Thursday, January 7, 2010
Old School Brooklyn Pizza: Di Fara
Plastered on the walls of the smoky interior of a little pizza joint in the Midwood neighborhood of Brooklyn are years of praise lavishly bestowed on Domenico DeMarco, proprietor and still principal pizza preparer. Since 1964, DeMarco has stood guard over the gargantuan oven with dough in hand.
So why is the joint called Di Fara when it has always been DeMarco as the stalwart pizza maven? His original business partner was named Farina, and a portmanteau of their names became the famous Di Fara.
Now most people who pride themselves on NY pizza perspicacity will have much to say about Di Fara, but outside the NY circle, large as it may be, Di Fara has not reached the fame of some of the other pizza places. I theorize that this has nothing to do with the quality of the pizza, but rather on the refusal for DeMarco to scale up his operation. The pizza procuring procedure is Byzantine at best, and arriving with a guide is not a bad idea. After waiting the requisite wait in the line that forms outside the restaurant at all hours, make your way up to the counter and choose from the $5 slices or opt for a ~$30 pie. Someone, likely one of DeMarco's children, will write up your order on a scrap of paper and simply call you when it's ready. The additional wait for the pizza could take quite awhile, but you should make sure you return in time, lest your pizza be presented to another patron.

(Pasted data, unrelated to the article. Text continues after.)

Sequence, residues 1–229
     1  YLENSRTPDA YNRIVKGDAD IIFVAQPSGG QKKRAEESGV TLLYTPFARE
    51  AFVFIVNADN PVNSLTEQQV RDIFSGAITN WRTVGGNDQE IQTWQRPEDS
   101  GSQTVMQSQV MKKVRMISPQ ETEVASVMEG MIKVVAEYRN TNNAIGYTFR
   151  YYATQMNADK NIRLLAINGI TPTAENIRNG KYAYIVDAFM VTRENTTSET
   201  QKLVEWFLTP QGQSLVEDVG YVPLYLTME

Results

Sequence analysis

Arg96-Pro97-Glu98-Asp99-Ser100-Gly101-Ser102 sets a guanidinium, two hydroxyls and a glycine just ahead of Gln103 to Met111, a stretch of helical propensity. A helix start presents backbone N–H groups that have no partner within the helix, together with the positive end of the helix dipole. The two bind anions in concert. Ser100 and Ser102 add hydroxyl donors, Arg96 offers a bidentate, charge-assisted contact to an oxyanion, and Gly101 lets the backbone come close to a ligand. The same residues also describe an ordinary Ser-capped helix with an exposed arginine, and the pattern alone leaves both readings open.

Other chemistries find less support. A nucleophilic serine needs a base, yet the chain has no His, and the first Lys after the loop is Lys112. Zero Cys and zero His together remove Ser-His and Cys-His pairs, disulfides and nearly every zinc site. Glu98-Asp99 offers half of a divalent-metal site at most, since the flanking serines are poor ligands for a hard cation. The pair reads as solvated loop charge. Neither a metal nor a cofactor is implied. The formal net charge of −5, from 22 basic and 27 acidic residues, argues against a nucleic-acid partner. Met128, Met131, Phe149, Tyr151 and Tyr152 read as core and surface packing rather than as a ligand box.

$5 for a slice of pizza. Expensive, yes, but Di Fara doesn't fail to bring in the crowd. Since I didn't make the trip out to Brooklyn too often, I had a slice of the thin, a slice of the deep-dish, and another thin crust pie. While utterly delicious, the pizza was undeniably oily. And though DeMarco might be making each pie himself, there were issues with consistency. Some crust comes out burnt, some too soft. The ingredients are tossed on capriciously by hand, though I'll admit there might be some sort of strategic topping placement that I didn't perceive. As you can see, the pizza is not much to behold, and from experience, I can tell you that next morning cold Di Fara's isn't nearly as appetizing.
Given the long wait, hassle of ordering, cost, and inconsistency, I can see why Di Fara is often a hit or miss for pizza pilgrims. Still, if you're comparing the best pies in town, you can't leave out Di Fara as a contender.
1424 Ave J
Brooklyn, NY 11230
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Where's the crowd? The place look deserted.
I was the first one in line...an hour before it opened on a Sunday morning.
Damn, maybe I should make that my last meal in NYC since I'll be staying in Brooklyn. I have heard about the pizza being too oily....I have to see if it's worth waiting for.
A New York post! Nice. I have yet to venture to Brooklyn and probably won't do it on my own.
Since De Marco is the one making the pizza all the time, I wonder what'll happen to the place as he gets older. Hope he has an heir ..
Good point about Di Fara's pizza being oily. That was my experience. Of course it would still be the best pizza in L.A. Too bad Anthony Mangieri closed Una Pizza Napoletana. That was my favorite in NYC.
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